The majority of women use their energy in their every day lives with nothing left to take on more wide-reaching roles. Everyone has a finite amount of energy or opportunity.


Many of the women, who are progressing up the ladders towards success, bring a steely coolness and efficiency but in the process the ‘mothering’ element is either being stifled in their quest for power and success, or has never been developed.


I think, as I listen and observe the women in government or the women in top management, that, on the whole, they exude something different from ‘motherliness’. They are efficient, dedicated, hard working - but hardly motherly.


There are exceptions to every rule. We had one wonderful politician who sadly died a year or two ago of brain cancer. She typified the kind we need; the kind the world needs. She had character, intelligence and dedication, but also love for the people she was working for. She worked with compassion and gained the respect and love of everyone, those involved and those who were mere spectators to the process. But, having successfully achieved the goal for which many men had strived and failed, she was taken from that job and never given any further prominent task. I think she was simply loved too much and that was thought to be ‘unsuitable’.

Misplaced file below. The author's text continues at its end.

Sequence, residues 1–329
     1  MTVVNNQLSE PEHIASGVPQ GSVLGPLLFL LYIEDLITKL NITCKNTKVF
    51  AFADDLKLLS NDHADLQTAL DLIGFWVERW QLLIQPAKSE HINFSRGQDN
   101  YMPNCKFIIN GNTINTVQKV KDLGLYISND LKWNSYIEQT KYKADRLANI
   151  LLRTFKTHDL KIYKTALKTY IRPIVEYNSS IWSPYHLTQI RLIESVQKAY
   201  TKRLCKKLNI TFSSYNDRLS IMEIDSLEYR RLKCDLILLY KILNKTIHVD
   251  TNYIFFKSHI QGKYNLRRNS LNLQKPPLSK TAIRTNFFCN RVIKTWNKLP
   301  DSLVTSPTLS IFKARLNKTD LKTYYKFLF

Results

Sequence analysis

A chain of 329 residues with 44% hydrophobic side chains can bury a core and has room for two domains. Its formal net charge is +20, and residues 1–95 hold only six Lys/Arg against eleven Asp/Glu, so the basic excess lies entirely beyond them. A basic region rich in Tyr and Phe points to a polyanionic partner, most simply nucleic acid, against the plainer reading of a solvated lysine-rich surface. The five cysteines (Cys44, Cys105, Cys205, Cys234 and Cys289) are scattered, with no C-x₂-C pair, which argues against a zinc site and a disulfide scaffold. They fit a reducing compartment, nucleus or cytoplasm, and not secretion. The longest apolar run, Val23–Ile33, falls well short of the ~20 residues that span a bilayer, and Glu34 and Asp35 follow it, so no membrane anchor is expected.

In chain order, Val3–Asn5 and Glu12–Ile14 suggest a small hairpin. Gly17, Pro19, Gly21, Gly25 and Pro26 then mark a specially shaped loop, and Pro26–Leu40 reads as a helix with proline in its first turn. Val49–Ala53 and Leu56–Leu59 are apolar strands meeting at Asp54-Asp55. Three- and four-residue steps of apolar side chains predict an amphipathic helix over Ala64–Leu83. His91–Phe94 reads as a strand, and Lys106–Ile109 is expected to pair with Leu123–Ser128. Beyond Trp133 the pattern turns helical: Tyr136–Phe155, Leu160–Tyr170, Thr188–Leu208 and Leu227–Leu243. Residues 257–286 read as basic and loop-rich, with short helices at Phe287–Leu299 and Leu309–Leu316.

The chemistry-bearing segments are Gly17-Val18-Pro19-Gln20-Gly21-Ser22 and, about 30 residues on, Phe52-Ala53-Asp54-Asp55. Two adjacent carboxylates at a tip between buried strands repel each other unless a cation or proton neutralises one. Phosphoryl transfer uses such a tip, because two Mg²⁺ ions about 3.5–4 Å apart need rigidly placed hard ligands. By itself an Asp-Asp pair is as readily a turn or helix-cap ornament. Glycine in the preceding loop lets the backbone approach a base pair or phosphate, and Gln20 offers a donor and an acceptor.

How wrong were those people who removed her from office!


‘Motherliness’ in the more mundane areas of work is being gradually eroded.


I once had a secretary who was a chatterer. I was ‘warned’ of this tendency by the manager of the secretaries who frowned on this, as being not only a waste of time but the sign of someone not getting on with the job in hand. Sure, in a pool of secretaries, all typing and answering the phones in the same room, this might have been a problem. She had a room of her own when she worked with me, so nobody else’s time or work was affected.


However, I soon realised that this lady was a wonderful communicator and a warm ‘motherly’ woman who genuinely cared about people and that the very quality which the management disapproved of could be a boon to my patients and in my work.